Steve Earle pays tribute to one of his mentors and heroes, Jerry Jeff Walker, on "Jerry Jeff," which follows his "GUY" tribute to Guy Clark and "TOWNES" tribute to Townes Van Zandt. Earle has called these projects a necessary form of therapy, as each of these great artists have passed on.
With Earle also demoing songs for his upcoming musical "Tender Mercies," inspired by the 1983 movie of the same time, he's a man that just can't seem to sit still for long.
"I don't really understand that" says Earle, responding to the whole concept of a leisurely life during a Zoom call from Portland. "I fish with a fly rod a little bit, which is about as quiet as I get, and I don't fish that much. You kind of have to shut up internally to cast with a fly rod. I'm able to make a living making art. It is something I feel like I was put here to do, and I've never had any doubt about that."
Earle performs a lot of "JERRY JEFF" album during his shows. "In the States, with very few exceptions, there's six," Earle says. "There's half the album. The people do really want to hear my songs, and I have 22 studio records and only four are other people's songs. It starts with Jerry Jeff Walker songs, and it's set up as a set of its own, and then we go into playing my stuff. There are some covers in the encore, there always are. Just because it's stuff that we want to play."
Earle says he's been itching to do album of his own songs after finishing the 'JERRY JEFF' album. "I've got some songs. I mean, look, it's not that I haven't been writing songs, it's just that 90 percent of what I've been writing has been for 'Tender Mercies.' And I'm not going to record that stuff and release it into the world until the musical's finished. I've got nine songs or something for 'Tender Mercies,' and I've written some other stuff."
"I've been co-writing a lot with kids in Nashville. Well, some of them are kids. Some are in their 40s, which seems like a kid now. Some of them are kids, 20-something. I've written with Miranda (Lambert) and a few people the last couple of years. With Miranda, I wrote the duet that's on 'So You Wanna Be An Outlaw' ('This Is How It Ends'). We have another song that I just can't get her to finish. It was her suggestion, but it was based on something I said. She hasn't written anything yet, so I want to make damn sure she writes something before I put it to bed. So, I'm working on that."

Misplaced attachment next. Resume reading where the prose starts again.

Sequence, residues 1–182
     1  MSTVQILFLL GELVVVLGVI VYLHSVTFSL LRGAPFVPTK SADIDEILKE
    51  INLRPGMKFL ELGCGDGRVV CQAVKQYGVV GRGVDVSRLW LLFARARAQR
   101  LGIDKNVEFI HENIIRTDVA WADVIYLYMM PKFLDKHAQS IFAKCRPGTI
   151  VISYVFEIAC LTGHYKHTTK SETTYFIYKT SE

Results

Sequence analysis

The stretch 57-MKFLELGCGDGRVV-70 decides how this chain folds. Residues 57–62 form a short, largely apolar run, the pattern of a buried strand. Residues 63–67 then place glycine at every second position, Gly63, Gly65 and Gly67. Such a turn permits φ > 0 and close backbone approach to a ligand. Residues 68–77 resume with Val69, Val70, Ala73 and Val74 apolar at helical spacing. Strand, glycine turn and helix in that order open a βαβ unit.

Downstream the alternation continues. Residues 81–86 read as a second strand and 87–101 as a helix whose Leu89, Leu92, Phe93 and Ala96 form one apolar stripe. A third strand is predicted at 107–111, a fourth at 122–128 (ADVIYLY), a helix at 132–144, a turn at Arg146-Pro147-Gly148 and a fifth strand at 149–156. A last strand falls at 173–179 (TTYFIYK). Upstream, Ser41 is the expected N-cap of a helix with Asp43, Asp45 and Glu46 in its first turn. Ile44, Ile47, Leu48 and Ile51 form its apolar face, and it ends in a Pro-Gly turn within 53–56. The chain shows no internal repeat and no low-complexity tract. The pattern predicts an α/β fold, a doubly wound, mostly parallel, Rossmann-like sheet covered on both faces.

"I don't know if you remember 'Tender Mercies' or not, but the band that are characters in it, who were based upon Ace In The Hole because Horton Foote's nephew was the drummer in Ace In The Hole," Earle says of George Strait's band. "The idea was, those guys kinda worshipped Mac (a character in the story), and they show up looking for him in that motel. And they're a much bigger deal in the musical because a lot of it takes place in the dancehall because it's a musical."
"So, I want my ideas for those guys' music to be absolutely contemporary music that could get on country radio now. Because some of it's great. The idea that…I'm not one of these old farts that's gonna tell these kids that what they're doing isn't country because I don't get to decide that anymore. I decided it for one second in 1986."
Earle was referring to his breakthrough album, "Guitar Town," which went to number one on the Billboard chart. "And all that happened, was one guy that was a fan that worked for MCA took one box of records to Memphis, and I beat Alabama (the band) by one box of records that week. Some of the stuff that's on country radio (now), I think is great. It's what I've always thought about country radio."
After mentioning Lambert as an example of what's good about contemporary country radio, Earle says, "Miranda Lambert's a bad ass. There was a period where it was just breaking my heart because all the people that were doing anything that interested me, were mostly women. And they weren't getting on the radio. They had to fight. And I had to do the same thing. I had to fight based on what I did live. Kacey (Musgraves), Miranda, they were the people that what they did transcended country music. Some of them didn't. In the case of Miranda, she's pretty unapologetically country, if that's important. It's not that important to me. I'm just looking for great music. But she's the real deal."
"I've been writing with Elvie Shane some," Earle continues, referring to the Broken Bow singer, "and he's really fucking good. I hope he doesn't hurt himself, but he's really fucking talented. I'm writing with those kids because I want to learn how to write music that could get on country radio, and I'm not arrogant enough to think I know how to do that. Mac's music (the Mac Sledge character in "Tender Mercies") I know how to write. It's all pretty much straight South Texas and what I grew up with, which is appropriate for the character. But I'm gonna write the whole thing by myself. But I'm writing with these other kids for what I can learn from them, not for what they can learn from me. I hope they learn something, but I'm doing it to learn from them."
Much like Earle's songwriting heroes, including Jerry Jeff Walker, he's man that is clearly a restless spirit. Sure, he could have recorded "Guitar Town" part two, three and more in the mid-Eighties, and found a little consistent commercial niche. Instead, he went on to write fiction, do some acting, record multiple genres of music and engage in political activism.
It may come as a surprise that Earle is honestly trying now to learn how to write more commercial country music. But it shouldn't. He once sang about having a fearless heart, and that same fearlessness applies to being unafraid to attempt anything artistically, just as much as it does to pursuing romance without restraint. It's difficult not to get excited to hear what he's writing for "Tender Mercies." He rarely ever lets us down. - Dan MacIntosh